Review: Mickey One
Blu-ray & DVD: Mickey One (1965)
Consisting of a narrative that often visually reflects the freeform jazz music that runs through its 93 minute running time, Mickey One can leave the viewer thinking “what the hell is going to happen next?” and more to the point “what the hell is happening NOW!?” Director Arthur Penn eschews the more traditional Hollywood construct and uses New Wave influenced editing and camera angles, which heighten a charismatic and high energy performance from Warren Beatty, whom Penn would once again work with 2 years later on the classic movie Bonnie and Clyde. The foundations of their working relationship were finely honed in Mickey One, where Beatty is encouraged to explore the outer reaches of his emotional expression and leaves you as exhausted as his character as you try to keep up with the frantic editing and ever more surreal events unfurling in front of you.
Beatty plays Mickey One, a name he takes from a stolen social security card after he goes on the run from the Mob for owing them money. How much money does he owe them? Nobody knows, not even Mickey. He’s not even sure what he did to get into so much debt. Traditional plot points and structure don’t matter though in Mickey One, you’re taken on a dreamlike journey where reality and fantasy seem to mesh in a collage of off-kilter camera angles and changes in frame rate and lighting.
Returning to the stage as a standup comedian under his new pseudonym, Mickey begins to carve out a successful career, but success brings attention and ultimately his pursuers discover his real identity and want what they are owed…no matter what the cost.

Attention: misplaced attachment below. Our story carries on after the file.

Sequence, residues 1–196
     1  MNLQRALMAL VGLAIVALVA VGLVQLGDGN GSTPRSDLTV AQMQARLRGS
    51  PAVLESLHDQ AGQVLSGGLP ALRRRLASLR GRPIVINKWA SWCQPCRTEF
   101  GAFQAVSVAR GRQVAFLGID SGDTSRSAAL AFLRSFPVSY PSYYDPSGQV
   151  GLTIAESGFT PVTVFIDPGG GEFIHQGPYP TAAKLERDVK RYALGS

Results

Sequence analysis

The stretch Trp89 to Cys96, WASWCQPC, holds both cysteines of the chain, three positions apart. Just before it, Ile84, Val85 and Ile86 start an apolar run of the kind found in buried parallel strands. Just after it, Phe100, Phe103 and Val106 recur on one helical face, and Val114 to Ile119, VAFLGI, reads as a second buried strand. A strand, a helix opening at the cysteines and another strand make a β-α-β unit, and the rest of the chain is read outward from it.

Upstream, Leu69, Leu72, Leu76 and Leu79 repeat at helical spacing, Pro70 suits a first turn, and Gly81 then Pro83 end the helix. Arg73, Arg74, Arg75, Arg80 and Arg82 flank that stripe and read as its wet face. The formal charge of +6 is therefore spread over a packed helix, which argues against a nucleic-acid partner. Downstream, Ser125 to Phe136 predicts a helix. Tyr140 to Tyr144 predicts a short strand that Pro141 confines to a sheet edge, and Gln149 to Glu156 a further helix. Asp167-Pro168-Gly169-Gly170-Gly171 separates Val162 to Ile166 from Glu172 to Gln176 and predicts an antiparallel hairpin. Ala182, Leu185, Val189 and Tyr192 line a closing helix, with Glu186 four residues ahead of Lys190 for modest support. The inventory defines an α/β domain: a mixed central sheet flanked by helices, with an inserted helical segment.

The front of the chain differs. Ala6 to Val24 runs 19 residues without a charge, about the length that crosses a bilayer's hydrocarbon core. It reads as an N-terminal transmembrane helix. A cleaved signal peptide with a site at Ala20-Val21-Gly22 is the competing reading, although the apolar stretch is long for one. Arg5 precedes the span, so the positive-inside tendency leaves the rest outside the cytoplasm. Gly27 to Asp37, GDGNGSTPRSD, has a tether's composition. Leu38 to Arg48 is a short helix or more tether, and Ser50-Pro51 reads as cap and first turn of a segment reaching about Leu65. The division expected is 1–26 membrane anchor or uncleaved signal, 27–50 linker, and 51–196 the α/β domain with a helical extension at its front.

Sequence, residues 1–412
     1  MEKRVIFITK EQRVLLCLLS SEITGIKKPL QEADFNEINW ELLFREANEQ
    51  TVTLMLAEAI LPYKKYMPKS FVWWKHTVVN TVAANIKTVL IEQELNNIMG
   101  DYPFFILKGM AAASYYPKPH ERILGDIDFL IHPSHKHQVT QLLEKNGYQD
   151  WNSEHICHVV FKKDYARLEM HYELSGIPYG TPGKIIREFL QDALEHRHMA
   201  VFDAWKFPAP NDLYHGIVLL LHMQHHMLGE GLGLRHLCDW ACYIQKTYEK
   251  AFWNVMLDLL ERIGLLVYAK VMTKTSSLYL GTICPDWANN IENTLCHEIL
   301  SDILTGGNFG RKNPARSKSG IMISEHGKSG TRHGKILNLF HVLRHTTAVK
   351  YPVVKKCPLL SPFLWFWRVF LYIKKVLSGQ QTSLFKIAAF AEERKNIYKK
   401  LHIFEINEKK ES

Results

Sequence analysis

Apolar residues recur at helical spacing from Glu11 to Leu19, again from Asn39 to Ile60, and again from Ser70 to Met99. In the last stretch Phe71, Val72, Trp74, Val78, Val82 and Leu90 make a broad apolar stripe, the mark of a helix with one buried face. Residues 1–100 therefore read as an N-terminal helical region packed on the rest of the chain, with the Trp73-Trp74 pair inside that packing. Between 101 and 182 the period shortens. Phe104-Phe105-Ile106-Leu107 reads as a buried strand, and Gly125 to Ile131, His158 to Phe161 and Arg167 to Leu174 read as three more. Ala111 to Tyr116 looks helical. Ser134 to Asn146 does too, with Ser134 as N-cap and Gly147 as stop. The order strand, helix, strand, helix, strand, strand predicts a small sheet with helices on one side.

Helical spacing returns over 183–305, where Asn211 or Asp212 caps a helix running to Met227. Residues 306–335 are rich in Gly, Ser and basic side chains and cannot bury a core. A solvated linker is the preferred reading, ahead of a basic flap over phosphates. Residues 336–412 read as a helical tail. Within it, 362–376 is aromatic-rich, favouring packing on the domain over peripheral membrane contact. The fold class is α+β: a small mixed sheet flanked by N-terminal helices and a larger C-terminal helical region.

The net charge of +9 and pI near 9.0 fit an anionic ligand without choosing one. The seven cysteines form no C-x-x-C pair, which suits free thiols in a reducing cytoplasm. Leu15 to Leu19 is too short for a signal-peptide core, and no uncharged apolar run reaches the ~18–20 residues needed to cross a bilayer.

As a piece of visual art, Mickey One is stunning. Arthur Penn uses the frame like Jackson Pollock uses his canvas; throwing everything up there in what initially seems like an incoherent mess, but on closer inspection has a deep and meaningful structure…at least to the artist. Whether YOU can find it too is open to interpretation.
Mickey One is not a mainstream movie and one which will most definitely divide viewers opinions to the extreme, eliciting either a sense of confusion and, dare I say it, boredom. Or connecting with the viewer on a deeper level than most movies do now where a lot are purely ‘bubblegum for the eyes’ and are forgotten as quickly as they are viewed. Mickey One is definitely not a movie that you will forget and the only way to know for sure which side of the ‘opinion fence’ you will fall is to buy this release from Powerhouse Films.
As always with their Indicator series of releases, Mickey One is wonderfully presented and contains special features that are essential viewing.
INDICATOR LIMITED EDITION SPECIAL FEATURES:
• High Definition remaster
• Original mono audio
• Alexandra Stewart on ‘Mickey One’ (2017, 19 mins): a new interview with the celebrated actress
• Matthew Penn on ‘Mickey One’ (2017, 20 mins): a new interview with the son of director Arthur Penn
• The Guardian Lecture with Arthur Penn (1981, 59 mins): archival audio recording of an interview conducted by Richard Combs at the National Film Theatre, London
• Original theatrical trailer
• Joe Dante trailer commentary (2013, 3 mins): a short critical appreciation
• Image gallery: on-set and promotional photography
• New English subtitles for the deaf and hard-of-hearing
• Limited edition exclusive 40-page booklet featuring a new essay on the film by Nick Pinkerton, Richard Williams on the film’s Sauter/Getz score, archive interviews with director Arthur Penn, and historic articles on the film
• World premiere on Blu-ray
• UK DVD premiere
• Limited Dual Format Edition of 3,000 copies
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Review by Dave (host of 60 Minutes With) from a disc kindly supplied by Powerhouse Films.